Zizek analyzes the end of the world at the hands of the “four riders of the apocalypse.”
The underlying premise of the book is a simple one: the global capitalist system is approaching an apocalyptic zero-point. Its four riders of the apocalypse are the ecological crisis, the consequences of the biogenetic revolution, the imbalances within the system itself (problems with intellectual property, the forthcoming struggle for raw materials, food and water), and the explosions of social divisions and exclusions.
Society’s first reaction is ideological denial, then explosions of anger at the injustices of the new world order, attempts at bargaining, and when this fails, depression and withdrawal set in. Finally, after passing through this zero-point we no longer perceive it as a threat, but as the chance for a new beginning. or, as Mao Zedong might have put it, “There is great disorder under heaven, the situation is excellent.”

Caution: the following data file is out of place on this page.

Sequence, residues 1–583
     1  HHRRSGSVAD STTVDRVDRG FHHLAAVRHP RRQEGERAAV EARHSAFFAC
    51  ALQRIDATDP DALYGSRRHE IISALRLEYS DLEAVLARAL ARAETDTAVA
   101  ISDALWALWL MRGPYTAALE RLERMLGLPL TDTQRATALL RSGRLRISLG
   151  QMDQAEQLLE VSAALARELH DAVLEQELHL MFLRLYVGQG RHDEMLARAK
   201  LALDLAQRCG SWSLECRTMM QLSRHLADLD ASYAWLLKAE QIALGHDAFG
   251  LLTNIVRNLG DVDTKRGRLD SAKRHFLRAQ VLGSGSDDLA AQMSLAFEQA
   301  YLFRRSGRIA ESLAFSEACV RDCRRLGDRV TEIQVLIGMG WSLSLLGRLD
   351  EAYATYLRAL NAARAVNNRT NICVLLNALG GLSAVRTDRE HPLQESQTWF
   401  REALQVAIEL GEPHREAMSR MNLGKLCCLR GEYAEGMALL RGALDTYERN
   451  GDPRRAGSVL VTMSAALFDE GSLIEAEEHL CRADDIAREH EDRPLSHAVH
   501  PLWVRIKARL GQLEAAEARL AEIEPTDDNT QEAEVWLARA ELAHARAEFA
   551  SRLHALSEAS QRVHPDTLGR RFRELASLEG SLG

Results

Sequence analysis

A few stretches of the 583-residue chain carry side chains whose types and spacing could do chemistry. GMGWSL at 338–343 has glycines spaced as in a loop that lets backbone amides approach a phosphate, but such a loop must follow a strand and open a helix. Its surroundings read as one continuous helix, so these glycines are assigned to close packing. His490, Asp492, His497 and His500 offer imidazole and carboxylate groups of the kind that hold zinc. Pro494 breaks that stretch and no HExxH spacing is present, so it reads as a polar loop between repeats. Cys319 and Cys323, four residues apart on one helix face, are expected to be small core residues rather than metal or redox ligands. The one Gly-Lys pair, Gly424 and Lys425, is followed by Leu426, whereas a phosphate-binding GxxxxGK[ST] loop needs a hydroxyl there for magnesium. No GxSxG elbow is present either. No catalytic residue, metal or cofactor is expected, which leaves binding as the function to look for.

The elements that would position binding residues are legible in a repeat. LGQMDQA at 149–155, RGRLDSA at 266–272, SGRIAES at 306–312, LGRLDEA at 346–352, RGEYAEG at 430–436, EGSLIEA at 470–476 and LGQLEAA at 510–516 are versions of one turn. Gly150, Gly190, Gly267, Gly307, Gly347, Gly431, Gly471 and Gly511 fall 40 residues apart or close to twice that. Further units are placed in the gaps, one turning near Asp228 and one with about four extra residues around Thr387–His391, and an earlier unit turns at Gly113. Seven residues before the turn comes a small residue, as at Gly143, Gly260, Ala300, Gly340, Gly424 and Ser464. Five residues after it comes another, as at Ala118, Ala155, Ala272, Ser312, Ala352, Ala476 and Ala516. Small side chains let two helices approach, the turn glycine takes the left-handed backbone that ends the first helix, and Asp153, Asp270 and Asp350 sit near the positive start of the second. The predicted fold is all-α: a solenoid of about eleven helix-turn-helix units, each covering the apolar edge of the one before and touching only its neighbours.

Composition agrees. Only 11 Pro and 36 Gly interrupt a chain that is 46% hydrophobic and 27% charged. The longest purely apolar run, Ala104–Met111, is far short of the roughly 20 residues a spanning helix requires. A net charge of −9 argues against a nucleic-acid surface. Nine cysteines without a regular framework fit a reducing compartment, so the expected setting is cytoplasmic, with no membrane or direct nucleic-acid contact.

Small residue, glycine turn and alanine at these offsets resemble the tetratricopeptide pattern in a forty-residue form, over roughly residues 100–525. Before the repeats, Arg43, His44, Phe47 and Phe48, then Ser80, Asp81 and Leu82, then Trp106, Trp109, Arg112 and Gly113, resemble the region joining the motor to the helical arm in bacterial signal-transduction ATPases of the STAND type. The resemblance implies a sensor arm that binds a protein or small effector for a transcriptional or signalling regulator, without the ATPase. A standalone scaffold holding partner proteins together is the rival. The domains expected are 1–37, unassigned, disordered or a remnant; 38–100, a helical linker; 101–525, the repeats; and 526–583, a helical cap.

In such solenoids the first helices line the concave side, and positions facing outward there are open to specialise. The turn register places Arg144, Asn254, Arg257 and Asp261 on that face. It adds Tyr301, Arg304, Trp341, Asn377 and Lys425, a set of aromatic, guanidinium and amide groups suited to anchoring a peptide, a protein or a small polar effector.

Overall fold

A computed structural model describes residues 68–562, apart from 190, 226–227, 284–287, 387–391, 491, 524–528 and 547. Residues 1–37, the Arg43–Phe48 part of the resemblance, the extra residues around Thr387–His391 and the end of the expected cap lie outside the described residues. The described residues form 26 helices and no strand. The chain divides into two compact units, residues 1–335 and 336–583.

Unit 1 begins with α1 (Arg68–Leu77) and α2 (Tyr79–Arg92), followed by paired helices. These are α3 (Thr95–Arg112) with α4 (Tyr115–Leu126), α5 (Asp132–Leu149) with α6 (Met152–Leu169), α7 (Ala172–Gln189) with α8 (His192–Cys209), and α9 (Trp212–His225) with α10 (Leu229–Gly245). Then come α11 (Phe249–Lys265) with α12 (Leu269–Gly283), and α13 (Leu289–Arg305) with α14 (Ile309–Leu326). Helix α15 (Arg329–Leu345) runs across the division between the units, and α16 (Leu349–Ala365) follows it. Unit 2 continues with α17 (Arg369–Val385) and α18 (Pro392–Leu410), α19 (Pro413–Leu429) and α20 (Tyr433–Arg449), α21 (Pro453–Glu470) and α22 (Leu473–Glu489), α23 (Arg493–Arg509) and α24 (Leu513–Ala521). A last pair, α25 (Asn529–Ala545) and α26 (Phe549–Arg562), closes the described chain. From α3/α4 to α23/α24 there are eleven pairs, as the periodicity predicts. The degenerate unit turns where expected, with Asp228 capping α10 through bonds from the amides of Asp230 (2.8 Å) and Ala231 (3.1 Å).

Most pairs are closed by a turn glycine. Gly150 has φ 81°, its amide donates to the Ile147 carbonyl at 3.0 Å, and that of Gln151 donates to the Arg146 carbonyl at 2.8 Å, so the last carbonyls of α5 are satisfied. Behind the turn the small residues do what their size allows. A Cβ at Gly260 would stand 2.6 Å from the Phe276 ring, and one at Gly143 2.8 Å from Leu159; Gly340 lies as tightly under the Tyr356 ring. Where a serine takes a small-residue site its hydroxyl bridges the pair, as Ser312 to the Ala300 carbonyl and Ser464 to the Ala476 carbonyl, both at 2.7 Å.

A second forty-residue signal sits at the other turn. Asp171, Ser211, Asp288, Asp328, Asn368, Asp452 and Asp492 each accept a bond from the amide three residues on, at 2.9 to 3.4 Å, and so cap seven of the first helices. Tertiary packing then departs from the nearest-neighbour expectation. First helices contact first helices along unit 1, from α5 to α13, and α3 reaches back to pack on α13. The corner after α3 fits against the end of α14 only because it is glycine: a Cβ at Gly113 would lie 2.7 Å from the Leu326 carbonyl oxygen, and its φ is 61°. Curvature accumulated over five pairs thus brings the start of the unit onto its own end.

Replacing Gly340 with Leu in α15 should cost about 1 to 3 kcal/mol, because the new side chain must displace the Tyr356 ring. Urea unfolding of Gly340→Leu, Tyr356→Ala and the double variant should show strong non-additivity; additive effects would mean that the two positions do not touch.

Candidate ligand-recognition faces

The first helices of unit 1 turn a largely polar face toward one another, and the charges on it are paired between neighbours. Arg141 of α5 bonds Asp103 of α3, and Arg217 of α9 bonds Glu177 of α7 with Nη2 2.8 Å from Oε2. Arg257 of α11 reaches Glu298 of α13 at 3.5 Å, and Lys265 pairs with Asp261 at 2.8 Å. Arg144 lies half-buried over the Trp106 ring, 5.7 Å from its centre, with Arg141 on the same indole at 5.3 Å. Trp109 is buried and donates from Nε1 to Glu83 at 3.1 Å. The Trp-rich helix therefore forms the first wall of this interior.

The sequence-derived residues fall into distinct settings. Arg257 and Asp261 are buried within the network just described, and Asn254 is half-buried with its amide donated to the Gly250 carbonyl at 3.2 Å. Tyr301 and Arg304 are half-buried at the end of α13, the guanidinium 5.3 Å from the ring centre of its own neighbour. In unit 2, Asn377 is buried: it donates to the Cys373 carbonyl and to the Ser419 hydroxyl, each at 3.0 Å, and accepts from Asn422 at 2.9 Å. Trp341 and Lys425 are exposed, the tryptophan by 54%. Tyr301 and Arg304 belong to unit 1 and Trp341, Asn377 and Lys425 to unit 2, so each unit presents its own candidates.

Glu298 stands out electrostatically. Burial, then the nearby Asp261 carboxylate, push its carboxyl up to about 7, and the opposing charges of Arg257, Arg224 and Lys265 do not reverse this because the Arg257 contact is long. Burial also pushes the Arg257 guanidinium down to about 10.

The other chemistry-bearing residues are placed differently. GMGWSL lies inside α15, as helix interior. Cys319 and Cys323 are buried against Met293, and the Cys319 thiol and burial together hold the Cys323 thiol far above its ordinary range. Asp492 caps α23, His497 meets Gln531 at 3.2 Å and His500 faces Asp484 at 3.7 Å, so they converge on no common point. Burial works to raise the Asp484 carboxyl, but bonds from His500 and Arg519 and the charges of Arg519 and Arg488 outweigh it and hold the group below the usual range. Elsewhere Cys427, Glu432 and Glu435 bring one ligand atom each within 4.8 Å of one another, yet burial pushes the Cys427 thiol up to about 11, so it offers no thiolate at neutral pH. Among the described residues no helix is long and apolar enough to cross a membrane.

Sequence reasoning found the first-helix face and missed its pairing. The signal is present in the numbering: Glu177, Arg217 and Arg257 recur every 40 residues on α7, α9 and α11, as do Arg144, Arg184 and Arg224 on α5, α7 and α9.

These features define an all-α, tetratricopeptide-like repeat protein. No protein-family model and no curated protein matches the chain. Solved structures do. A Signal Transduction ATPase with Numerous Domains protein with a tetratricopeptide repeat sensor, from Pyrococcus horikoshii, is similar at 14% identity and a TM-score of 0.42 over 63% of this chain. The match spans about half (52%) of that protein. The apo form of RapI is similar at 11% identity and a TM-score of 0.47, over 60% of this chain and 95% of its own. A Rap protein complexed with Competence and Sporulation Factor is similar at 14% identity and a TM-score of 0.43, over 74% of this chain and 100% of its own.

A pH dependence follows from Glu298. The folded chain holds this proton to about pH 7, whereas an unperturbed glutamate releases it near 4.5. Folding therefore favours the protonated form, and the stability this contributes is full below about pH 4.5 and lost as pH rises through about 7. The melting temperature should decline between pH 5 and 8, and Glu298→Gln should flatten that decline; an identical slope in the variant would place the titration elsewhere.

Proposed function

Žižek traces out in detail these five stances, makes a plea for a return to the Marxian critique of political economy, and sniffs out the first signs of a budding communist culture in all its diverse forms—in utopias that range from Kafka’s community of mice to the collective of freak outcasts in the TV series Heroes.